Poems & Short Stories: 4,271
Forum Members: 70,634
Forum Posts: 1,033,546
And over 2 million unique readers monthly!
I was yet standing there, half stunned by my loss and the suddenness of it all, when a tilbury came slowly round a bend in the road, the driver of which nodded lazily in his seat while his horse, a sorry, jaded animal, plodded wearily up the steep slope of the hill. As he approached I hailed him loudly, upon which he suddenly dived down between his knees and produced a brass-bound blunderbuss.
"What's to do?" cried he, a thick-set, round-faced fellow, "what's to do, eh?" and he covered me with the wide mouth of the blunderbuss.
"Thieves!" said I, "I've been robbed, and not three minutes since."
"Ah!" he exclaimed, in a tone of great relief, and with the color returning to his plump cheeks, "is that the way of it?"
"It is," said I, "and a very bad way; the fellow has left me but twopence in the world."
"Come," I went on, "you are armed, I see; the thief took to the brushwood, here, not three minutes ago; we may catch him yet--"
"Catch him?" repeated the fellow, staring.
"Yes, don't I tell you he has stolen all the money I possess?"
"Except twopence," said the fellow.
"Well, twopence ain't to be sneezed at, and if I was you--"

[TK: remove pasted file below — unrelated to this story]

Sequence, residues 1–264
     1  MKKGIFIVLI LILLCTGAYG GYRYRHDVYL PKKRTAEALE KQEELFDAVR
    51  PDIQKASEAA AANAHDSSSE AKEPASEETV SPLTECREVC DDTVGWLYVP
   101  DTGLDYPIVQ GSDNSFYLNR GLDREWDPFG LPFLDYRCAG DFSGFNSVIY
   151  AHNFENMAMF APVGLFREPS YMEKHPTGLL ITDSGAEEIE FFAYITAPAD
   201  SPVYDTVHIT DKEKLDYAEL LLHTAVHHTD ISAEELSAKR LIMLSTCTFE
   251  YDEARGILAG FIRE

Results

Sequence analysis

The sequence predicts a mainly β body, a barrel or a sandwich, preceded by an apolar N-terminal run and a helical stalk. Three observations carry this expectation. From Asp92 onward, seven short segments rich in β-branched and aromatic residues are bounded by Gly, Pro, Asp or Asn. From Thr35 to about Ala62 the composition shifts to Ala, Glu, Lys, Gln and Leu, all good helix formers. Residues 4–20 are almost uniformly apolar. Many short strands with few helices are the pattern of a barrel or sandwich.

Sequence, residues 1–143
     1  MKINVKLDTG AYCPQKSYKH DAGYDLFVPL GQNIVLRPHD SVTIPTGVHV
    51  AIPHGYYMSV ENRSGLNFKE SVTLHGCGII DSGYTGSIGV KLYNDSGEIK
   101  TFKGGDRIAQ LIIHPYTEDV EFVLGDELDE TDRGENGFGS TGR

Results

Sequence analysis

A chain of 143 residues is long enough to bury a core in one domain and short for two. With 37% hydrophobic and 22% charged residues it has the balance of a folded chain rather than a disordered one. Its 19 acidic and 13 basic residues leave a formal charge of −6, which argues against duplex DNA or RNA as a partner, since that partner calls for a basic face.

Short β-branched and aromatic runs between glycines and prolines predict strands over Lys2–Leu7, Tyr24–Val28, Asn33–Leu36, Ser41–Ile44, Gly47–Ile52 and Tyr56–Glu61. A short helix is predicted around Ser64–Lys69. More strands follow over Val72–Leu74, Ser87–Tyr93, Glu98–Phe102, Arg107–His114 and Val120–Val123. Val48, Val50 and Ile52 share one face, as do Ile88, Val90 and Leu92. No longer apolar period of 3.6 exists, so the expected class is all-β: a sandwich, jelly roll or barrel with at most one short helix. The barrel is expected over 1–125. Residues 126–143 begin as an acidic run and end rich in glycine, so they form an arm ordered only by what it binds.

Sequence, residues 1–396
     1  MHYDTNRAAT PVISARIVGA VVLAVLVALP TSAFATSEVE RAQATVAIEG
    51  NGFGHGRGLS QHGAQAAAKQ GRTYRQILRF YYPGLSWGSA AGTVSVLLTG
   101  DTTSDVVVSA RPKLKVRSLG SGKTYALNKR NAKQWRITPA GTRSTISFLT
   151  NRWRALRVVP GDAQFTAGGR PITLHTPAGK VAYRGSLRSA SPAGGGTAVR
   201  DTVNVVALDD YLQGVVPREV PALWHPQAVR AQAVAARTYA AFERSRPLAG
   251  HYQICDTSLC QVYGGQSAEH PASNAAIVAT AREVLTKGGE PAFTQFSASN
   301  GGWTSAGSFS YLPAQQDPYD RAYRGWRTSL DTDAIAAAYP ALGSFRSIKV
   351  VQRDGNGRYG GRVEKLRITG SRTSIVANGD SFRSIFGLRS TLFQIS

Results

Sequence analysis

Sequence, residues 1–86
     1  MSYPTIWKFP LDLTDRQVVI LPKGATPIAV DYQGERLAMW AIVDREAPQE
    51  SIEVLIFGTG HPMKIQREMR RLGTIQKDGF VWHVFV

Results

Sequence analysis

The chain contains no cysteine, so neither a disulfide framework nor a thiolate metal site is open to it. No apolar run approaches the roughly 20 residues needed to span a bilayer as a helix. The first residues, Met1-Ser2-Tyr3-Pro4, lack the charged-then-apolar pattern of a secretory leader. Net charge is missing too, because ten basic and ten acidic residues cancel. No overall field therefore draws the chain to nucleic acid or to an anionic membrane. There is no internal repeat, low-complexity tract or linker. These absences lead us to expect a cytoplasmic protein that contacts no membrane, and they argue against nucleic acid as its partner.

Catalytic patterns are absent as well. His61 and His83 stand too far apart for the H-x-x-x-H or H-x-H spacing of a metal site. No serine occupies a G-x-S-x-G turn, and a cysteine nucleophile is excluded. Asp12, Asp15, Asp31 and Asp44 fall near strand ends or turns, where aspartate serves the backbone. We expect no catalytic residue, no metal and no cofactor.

"Come, we're losing time," said I, cutting him short.
"But--my mare, what about my mare?"
"She'll stand," I answered; "she's tired enough."
The Bagman, for such I took him to be, sighed, and, blunderbuss in hand, prepared to alight, but, in the act of doing so, paused:
"Was the rascal armed?" he inquired, over his shoulder
"To be sure he was," said I.
The Bagman got back into his seat and took up the reins.
"What now?" I inquired.
"It's this accursed mare of mine," he answered; "she'll bolt again, d'ye see--twice yesterday and once the day before, she bolted, sir, and on a road like this--"
"Then lend me your blunderbuss."
"I can't do that," he replied, shaking his head.
"But why not?" said I impatiently.
"Because this is a dangerous road, and I don't intend to be left unarmed on a dangerous road; I never have been and I never will, and there's an end of it, d'ye see!"
"Then do you mean to say that you refuse your aid to a fellow-traveler--that you will sit there and let the rogue get away with all the money I possess in the world--"
"Oh, no; not on no account; just you get up here beside me and we'll drive to 'The White Hart.' I'm well known at 'The White Hart;' we'll get a few honest fellows at our heels and have this thieving, rascally villain in the twinkling of an--" He stopped suddenly, made a frantic clutch at his blunderbuss, and sat staring. Turning short round, I saw the man in the beaver hat standing within a yard of us, fingering his long pistol and with the same twisted smile upon his lips.
"I've a mind," said he, nodding his head at the Bagman, "I've a great mind to blow your face off."
The blunderbuss fell to the roadway, with a clatter.
"Thievin', rascally villain--was it? Damme! I think I will blow your face off."
"No--don't do--that," said the Bagman, in a strange, jerky voice, "what 'ud be--the good?"
"Why, that there poor animal wouldn't have to drag that fat carkiss of yours up and down hills, for one thing."
"I'll get out and walk."